After doing speaking engagements and workshops for a few years now, I've decided that there is really only one criterion for deciding if what I'm doing with faculty is successful: Behavior change. If I fly into a campus and give a workshop that generates tons of enthusiasm, but then all the faculty's teaching goes back to the status quo ante as soon as I board the plane back home, it doesn't matter how well-received it was: I failed. I merely perturbed the system; I didn't actually change it. On the other hand, when I get an email from a workshop participant 2-3 months later who has been trying out the ideas of the workshop in their teaching and is curious about or stuck on some particular, I know that the workshop was a success, because someone's behavior has changed, and that will start a cascade of other changes that will make higher education better.

If individual behavioral change is the building block, then individual habits are the atoms that those blocks are made out of. In fact, I recently finished a book with this very idea in its title: Atomic Habits by James Clear. Clear's idea in the book is that behavioral change begins with small habit changes that lead to outsized results. Or as he puts it, our behaviors are lagging indicators of our habits. So if we want to improve teaching and learning in higher education, let's start with the habits of teaching that higher education instructors have. How do we do that? Clear, in his book, lays out some helpful frameworks for thinking about habits and how to alter them.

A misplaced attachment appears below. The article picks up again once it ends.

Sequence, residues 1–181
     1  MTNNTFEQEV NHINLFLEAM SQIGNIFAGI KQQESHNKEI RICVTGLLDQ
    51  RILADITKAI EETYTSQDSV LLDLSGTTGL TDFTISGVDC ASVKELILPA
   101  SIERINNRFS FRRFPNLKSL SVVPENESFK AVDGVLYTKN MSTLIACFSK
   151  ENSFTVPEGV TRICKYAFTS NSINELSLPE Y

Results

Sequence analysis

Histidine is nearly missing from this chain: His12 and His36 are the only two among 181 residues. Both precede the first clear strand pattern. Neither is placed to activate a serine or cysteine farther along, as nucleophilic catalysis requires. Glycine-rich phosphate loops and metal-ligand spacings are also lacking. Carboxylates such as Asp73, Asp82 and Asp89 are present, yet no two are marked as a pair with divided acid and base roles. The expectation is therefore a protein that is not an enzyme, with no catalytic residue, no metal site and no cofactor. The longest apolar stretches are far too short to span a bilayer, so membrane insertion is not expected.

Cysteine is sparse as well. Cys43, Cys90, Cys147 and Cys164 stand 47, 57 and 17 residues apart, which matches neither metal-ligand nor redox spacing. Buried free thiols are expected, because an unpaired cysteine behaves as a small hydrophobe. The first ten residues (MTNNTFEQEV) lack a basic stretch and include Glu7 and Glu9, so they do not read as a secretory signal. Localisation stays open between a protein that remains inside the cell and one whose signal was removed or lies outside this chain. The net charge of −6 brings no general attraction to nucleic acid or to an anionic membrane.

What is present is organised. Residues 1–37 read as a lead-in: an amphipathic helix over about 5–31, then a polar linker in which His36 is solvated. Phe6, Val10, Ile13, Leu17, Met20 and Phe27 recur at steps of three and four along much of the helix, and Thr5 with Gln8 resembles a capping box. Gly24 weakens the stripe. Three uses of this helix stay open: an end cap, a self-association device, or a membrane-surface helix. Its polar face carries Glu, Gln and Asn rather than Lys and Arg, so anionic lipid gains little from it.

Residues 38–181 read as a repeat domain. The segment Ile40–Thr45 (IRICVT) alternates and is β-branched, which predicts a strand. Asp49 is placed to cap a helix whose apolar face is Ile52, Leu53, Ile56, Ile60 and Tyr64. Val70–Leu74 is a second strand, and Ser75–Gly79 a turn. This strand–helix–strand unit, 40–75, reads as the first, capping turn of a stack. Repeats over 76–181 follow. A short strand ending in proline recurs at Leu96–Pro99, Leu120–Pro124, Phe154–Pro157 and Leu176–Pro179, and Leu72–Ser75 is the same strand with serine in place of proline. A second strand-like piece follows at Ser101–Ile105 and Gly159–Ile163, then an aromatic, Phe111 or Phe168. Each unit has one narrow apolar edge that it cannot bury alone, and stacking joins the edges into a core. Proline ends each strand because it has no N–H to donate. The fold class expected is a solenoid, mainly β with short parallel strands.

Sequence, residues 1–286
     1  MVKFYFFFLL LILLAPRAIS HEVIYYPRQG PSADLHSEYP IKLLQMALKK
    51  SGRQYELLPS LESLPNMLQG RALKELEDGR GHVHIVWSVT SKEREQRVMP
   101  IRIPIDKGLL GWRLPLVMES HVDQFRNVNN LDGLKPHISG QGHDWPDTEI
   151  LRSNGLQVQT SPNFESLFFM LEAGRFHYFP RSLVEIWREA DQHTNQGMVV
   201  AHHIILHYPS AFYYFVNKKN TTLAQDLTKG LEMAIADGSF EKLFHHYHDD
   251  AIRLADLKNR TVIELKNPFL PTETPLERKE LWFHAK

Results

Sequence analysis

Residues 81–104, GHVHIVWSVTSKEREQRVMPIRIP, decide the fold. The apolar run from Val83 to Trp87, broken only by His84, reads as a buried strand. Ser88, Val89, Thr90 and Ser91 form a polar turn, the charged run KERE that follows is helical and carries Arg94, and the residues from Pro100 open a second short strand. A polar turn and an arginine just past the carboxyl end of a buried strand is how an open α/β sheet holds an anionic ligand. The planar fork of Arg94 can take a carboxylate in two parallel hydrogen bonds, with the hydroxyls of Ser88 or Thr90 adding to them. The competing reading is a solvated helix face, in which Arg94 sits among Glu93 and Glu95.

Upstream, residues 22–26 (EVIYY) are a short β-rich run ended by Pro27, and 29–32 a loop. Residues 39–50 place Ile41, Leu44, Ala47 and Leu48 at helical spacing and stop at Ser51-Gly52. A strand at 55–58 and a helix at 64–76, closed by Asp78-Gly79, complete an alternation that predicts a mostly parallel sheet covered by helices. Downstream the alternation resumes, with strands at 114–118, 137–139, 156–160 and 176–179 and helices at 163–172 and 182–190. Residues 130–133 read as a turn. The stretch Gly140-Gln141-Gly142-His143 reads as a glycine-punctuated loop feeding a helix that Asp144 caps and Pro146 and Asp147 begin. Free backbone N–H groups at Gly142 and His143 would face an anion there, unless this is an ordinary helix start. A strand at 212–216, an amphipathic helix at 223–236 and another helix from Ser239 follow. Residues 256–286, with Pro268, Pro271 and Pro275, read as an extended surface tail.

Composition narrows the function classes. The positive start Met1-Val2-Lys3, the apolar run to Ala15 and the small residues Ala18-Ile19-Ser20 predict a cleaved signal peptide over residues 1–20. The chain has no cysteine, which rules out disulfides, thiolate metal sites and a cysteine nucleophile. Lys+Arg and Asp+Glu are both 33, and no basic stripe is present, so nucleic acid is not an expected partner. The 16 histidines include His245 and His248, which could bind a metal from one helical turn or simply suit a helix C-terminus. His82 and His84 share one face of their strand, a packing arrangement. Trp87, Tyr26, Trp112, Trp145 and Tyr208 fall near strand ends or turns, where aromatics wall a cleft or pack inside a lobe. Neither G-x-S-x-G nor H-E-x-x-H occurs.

First, habits follow a consistent cycle of cue -> craving -> response -> reward. Some kind of cue sets off a craving; we respond to that craving with a behavior that will change our state to one of satisfaction; and the reward is that satisfaction. Habits are very efficient this way; Clear points out that we wouldn't have evolved the capacity for habit formation in the first place if habits weren't exceptionally effective at solving certain kinds of problems. But thankfully, that cycle admits the possibility for a hack. Clear suggests a formula for changing up how we respond to a craving, namely the simple sentence: When I do x, I will do y. To change a habit, or start one, identify the relevant cue, the response you wish to have, and write it down, like a contract. Then follow that rule until it sticks better than the one you replaced.

I think a lot of teaching at the college level today is done not because professors have looked at a variety of techniques, tried some out, and then made a rational and student-centered decision about it --- but merely because professors get stuck in habits. We walk into a classroom, or start preparing a lesson; that cue makes us crave the path of least resistance because we're overworked or have many other responsibilities; we then teach as we were taught. These habits are so strong that it takes purposeful effort to replace them with something better. This is why in my One Year Plan for flipping a classroom, Step 1 is to start a year in advance simply replacing unproductive habits of teaching with ones that better support active learning. What are those? Here are three suggestions that I think get us in the right direction.